Why the Nigerian fashion industry is the way it is? – Sola Babatunde

To our Nigerian audience especially, Sola Babatunde CEO, OSC College of Fashion has, just unveiled a whole new topic of discussion; owing to an experience at the recently concluded seminar/training by USAID TRADEHUB and Nigerian Export Promotion Council (NEPC), where a selected few in garment and apparel industry from all over Nigeria with operational factories. […]

To our Nigerian audience especially, Sola Babatunde CEO, OSC College of Fashion has, just unveiled a whole new topic of discussion; owing to an experience at the recently concluded seminar/training by USAID TRADEHUB and Nigerian Export Promotion Council (NEPC), where a selected few in garment and apparel industry from all over Nigeria with operational factories.

Mr. Musa giving his lecture and training on production and export .

“The Nigerian fashion industry is the way it is because, we tend to focus only on one part of the value chain; FASHION, (there is a long value chain of the industry, just go and google it.

Fashion we don’t even do properly, I have attended many workshops, trainings , seminars and the world is wondering why Nigeria has not taken its place in the Global market of exporting legally to the US , or even be able to cater to our over 180million Nigerian population?

So many skills needed to support the industry is lacking , I get many calls and emails from those looking to hire machinist, line supervisor, managers , quality control ,presser, design engineer etc. as we train for these skills at OSC. All these skills are needed to ensure the garment factory runs smoothly and that the apparels produced are up to standard. We all seem to focus on fashion design and sewing end of things only.

On the other hand I get calls and emails of those looking for jobs , after their own business of tailoring isn’t working anymore , most of them don’t have the type of skills the factory’s who pay well want. Don’t get me wrong they have skills, but not up to what is in line with the factory needs. Ege, a tailor with over 3 years of sewing but with only manual machines, who cuts with only scissors, doesn’t use patterns or know what CF, balance marks, grain lines, tech pack etc. are, how would they be able to work for a company whose foreign buyer client would just send a technical pack to them for production of 2000 tops within 2 weeks?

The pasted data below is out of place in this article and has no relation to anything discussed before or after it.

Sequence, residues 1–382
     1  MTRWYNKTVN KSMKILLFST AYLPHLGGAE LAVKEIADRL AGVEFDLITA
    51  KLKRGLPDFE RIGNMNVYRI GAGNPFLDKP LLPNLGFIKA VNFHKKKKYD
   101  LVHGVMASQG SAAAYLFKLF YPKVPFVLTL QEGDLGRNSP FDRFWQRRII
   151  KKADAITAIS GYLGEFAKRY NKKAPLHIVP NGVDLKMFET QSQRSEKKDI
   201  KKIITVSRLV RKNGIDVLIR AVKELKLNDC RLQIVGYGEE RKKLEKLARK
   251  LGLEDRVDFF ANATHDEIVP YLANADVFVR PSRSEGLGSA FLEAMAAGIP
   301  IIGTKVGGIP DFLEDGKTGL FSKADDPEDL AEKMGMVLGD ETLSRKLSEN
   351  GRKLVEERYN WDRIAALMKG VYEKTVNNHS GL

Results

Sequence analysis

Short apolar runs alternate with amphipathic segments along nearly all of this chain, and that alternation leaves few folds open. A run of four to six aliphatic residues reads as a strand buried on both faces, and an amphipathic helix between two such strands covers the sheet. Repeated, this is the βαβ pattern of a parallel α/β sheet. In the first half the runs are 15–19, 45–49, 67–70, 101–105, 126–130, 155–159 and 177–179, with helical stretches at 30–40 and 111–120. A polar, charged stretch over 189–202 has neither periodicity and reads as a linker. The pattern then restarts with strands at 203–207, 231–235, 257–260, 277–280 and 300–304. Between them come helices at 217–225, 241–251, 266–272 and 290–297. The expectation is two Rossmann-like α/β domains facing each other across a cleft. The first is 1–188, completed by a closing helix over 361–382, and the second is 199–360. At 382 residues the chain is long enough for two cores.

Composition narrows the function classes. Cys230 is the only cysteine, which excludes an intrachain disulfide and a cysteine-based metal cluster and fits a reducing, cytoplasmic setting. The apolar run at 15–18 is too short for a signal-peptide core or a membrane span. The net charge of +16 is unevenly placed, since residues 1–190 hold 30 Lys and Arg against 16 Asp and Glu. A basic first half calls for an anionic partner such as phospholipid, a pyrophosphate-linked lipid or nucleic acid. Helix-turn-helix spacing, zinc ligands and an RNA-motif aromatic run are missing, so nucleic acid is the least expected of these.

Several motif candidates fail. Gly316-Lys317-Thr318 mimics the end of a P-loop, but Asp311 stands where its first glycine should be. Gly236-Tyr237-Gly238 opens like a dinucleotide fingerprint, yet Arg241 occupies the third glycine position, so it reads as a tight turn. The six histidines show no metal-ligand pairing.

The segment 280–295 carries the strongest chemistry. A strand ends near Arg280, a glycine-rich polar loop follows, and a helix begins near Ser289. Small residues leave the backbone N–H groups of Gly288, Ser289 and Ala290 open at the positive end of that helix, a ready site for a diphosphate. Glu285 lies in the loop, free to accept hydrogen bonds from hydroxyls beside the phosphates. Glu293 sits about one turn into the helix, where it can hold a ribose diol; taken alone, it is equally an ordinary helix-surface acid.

For instance a company who wants to produce in Nigeria for export, had contacted us to help them hire a pattern maker. They have tailors from the Philippines. As the export market is very standardized.

They were going to pay as much as 250,000 Naira for the person that meets the normal requirements, now here is the problem OUR own OSC students that meet the requirements do not want to work for others , the non OSC students didn’t meet the requirements. Even the ones we thought from all their talks and posts on social media, didn’t meet the requirements. I know the next thing would be to ask, what are the requirements? Please type in job description of a pattern maker on Google and you will see all the details. Don’t say this is not for Nigeria, which is the mistake we are all making, if we want to play in this field that is the yard stick we must all meet up to.

Teaching people to go open their own business is good but what happens to them when they open the business who will work for them?

The schools that teach properly are expensive due to the very high cost of running business in Nigeria and they are privately owned, the government should have trade and technical schools with each of the departments mentioned above functioning.

So the solution is to start training people for each of these roles, then the requirement for the export market can be met”, she concluded.

We quite agree with Sola on this, but we think it is a similar situation in most parts of Africa and we take this as a call to action for the entire continent.

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